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Viewing Blog: lucie's thoughts, Most Recent at Top
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1. Thomas' Third 153rd Story


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1.          153.     Once upon a time, there was a Thomas named Thomas.  When he is ten, he’ll take the car and drive Mommy to vote.  And when he is eleven, he’ll do dishes all by himself.  And when he is twelve, he’ll go to the hot dog store and buy a hot dog.  And when he is 21, he’ll do something important.  When he is 32, he’ll make a square box game.  When he is 100, he’ll go down the stairs by himself without getting hurt.  And when he is 400, he’ll fix the grandfather clock.
“I can’t wait!” said Thomas.
The End.

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2. Thomas' Third 152nd Story



1.          152.     Once upon a time, there was a seashell.  It was a seashell from the ocean.  Thomas found it, but not in the ocean.  He found it in the leaves by the sidewalk at Thomas’ house.  Maybe the wind carried the seashell to Thomas.  Or maybe the sea brought it.  Because the ocean misses Thomas and wants Thomas to come back.
The End.

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3. Thomas' Third 151st Story



1.          151.      Once upon a time, there was a hamster named Fred.  Fred Hamster was nocturnal.  That means he was always tired.
The End.

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4. Thomas' Third 150th Story



1.          150.     Once upon a time, there was a toilet.  If you have to go potty, you have to go to the toilet.  You can’t go potty outside.  If you go potty on a tree, the tree will turn back into a seed and disappear.
The End.

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5. Thomas' Third 149th Story



1.          149.     Once upon a time, there was an Aunt Dianne.  One day, she got in her car and she drove all over the world.  Just to see Thomas.  Thomas loves Aunt Dianne, and Uncle Jason, too.  But Uncle Jason isn’t in the car.
The End.

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6. Thomas' Third 147th Story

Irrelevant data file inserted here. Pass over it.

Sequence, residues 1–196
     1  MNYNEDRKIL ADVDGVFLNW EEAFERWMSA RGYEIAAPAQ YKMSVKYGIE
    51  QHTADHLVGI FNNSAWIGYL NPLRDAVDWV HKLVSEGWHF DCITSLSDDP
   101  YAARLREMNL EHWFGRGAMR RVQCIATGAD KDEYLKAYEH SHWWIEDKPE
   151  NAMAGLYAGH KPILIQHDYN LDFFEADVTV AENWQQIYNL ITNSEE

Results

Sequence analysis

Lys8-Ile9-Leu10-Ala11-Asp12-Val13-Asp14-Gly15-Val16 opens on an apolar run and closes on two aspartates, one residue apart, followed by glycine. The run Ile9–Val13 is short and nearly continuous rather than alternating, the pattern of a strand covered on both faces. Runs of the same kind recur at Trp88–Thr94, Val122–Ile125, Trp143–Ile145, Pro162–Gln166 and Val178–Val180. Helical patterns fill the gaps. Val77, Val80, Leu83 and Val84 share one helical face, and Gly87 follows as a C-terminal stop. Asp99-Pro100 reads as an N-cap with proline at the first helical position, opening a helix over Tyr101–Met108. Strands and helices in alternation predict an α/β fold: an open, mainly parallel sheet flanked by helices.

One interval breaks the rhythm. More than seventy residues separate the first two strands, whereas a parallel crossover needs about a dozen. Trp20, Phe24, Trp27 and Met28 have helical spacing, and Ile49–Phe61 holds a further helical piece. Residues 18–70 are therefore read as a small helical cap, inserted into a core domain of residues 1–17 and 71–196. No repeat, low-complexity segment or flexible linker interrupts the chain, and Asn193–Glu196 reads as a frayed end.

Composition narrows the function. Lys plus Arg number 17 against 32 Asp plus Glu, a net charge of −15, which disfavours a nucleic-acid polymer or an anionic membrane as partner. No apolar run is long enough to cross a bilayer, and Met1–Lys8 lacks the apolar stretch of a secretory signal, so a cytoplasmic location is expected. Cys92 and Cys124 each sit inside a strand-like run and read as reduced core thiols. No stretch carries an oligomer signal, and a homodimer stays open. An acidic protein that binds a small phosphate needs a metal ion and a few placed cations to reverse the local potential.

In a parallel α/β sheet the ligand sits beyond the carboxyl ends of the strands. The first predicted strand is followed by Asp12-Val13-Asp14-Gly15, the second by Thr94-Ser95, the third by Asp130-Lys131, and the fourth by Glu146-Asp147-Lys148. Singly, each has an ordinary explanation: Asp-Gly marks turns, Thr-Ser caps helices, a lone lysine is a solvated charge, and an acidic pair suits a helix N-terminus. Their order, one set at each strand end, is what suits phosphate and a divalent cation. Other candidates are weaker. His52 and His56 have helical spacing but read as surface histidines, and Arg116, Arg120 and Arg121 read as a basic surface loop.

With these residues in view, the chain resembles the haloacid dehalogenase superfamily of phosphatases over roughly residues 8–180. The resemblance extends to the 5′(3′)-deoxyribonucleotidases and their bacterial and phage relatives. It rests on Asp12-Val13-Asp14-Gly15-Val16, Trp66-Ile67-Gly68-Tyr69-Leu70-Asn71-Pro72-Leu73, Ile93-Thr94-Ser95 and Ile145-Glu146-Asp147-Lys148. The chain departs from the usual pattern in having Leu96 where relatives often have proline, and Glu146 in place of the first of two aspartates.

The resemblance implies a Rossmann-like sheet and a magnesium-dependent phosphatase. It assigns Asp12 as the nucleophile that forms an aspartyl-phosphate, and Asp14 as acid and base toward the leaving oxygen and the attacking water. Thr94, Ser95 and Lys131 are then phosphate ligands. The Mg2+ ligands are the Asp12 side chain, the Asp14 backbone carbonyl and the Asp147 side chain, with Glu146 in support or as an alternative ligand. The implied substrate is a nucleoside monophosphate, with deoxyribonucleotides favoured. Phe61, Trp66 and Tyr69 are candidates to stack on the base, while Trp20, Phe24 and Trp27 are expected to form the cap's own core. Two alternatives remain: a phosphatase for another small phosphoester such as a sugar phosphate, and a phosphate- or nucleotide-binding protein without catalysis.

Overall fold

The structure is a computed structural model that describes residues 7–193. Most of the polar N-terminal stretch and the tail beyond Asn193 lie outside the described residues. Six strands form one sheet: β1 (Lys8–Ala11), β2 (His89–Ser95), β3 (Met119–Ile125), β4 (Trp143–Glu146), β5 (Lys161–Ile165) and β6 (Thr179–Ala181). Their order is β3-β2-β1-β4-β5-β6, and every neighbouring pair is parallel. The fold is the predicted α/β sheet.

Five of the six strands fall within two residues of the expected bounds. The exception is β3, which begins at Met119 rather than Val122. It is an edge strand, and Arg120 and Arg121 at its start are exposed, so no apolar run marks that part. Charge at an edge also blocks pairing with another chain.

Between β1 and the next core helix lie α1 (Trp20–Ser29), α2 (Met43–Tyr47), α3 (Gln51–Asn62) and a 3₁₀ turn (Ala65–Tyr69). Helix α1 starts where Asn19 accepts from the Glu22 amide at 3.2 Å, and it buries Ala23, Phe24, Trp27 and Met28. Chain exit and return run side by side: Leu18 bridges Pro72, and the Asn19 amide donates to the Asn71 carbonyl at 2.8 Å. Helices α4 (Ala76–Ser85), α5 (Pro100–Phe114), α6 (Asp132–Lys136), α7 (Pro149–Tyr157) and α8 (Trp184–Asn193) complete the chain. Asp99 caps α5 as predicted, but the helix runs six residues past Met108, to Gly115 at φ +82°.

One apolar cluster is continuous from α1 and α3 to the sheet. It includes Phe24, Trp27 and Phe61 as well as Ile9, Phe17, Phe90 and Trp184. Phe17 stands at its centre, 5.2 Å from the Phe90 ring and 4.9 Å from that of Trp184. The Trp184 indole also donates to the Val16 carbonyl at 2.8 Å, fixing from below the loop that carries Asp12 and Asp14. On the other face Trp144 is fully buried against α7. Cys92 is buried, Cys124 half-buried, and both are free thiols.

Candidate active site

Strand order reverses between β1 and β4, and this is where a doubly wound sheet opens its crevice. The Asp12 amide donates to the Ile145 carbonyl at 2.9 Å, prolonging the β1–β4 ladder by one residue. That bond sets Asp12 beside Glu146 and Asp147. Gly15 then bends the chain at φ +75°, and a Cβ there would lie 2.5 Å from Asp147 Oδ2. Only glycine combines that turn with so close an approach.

1.          147.     Once upon a time, there was a Thomas named Kirchel.  He erased his shadow and drew a smiley face instead.  Because there was a girl named Aleshia, and she liked smiley faces.
The End.

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7. Thomas' Third 148th Story



1.        148.      Once upon a time, it was Friday the 16th.  And somebody was coming.
The End.

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8. Thomas' Third 146th Story


1.          146.    Once upon a time, there was a Thomas named Thomas.  He combed his hair so he had style.  He had handsome hair.  He didn’t want to wear a hat to school because the hat would mess up his handsome hair. 
The End.


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9. Thomas' Third 145th Story



1.          145.     Once upon a time, there was a Kangerine.  It was a tangerine kangaroo.  It was orange.  And it hopped.  And it squished.
The End.

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10. Thomas' Third 144th Story



1.          144.     Once upon a time, there was a Mrs. Claus.  In January, Mrs. Claus is at the North Pole.  So she can make gingerbread men cookies.   Santa is just sleeping.
The End.

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11. Thomas' Third 142nd Story



1.         142.      Once upon a time, there was a Thomas named Thomas.  He was just singing.  He was singing with his guitar voice and X-ray eyes.  He was just singing as the frozen ground turned to stone.
The End. 

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12. Thomas' Third 143rd Story


1.          143.     Once upon a time, there were lions.  They were yellow lions.  And they lived on the Savanna.  The Savanna was like Honalee where the green dragons lived.
The End.

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13. Book 433


The Easter Rabbit's Parade, by Lois Lenski, Random House, originally published in 1936.

I found this book at a library book sale.  Easter was coming up, so I bought the book to put in my six-year-old son's Easter basket. 

On Easter morning, my son decided he liked the cover, the end-papers, and the internal illustrations.  He wasn't so sure about the story.  Yet.  It might still grow on him.  It is a bit repetitive and dated, but still is rather charming. 

The illustrations, however, were worth rescuing this book from the library cart.


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14. Book 432



Bigger Digger, by Steve Webb, illustrated by Ben Mantle, Picture Corgi, 2012.  

Right now I have a soft spot for any book that is entertaining and my Kindergarten son can read on his own.  This book is perfect on both counts.  And how can you not love a giraffe in a digger?









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15. Book 431


Happy Easter, Curious George, written by R. P. Anderson, illustrated in the style of H.A. Rey by Mary O'Keefe Young, Houghtin, Mifflin, Harcourt, 2010.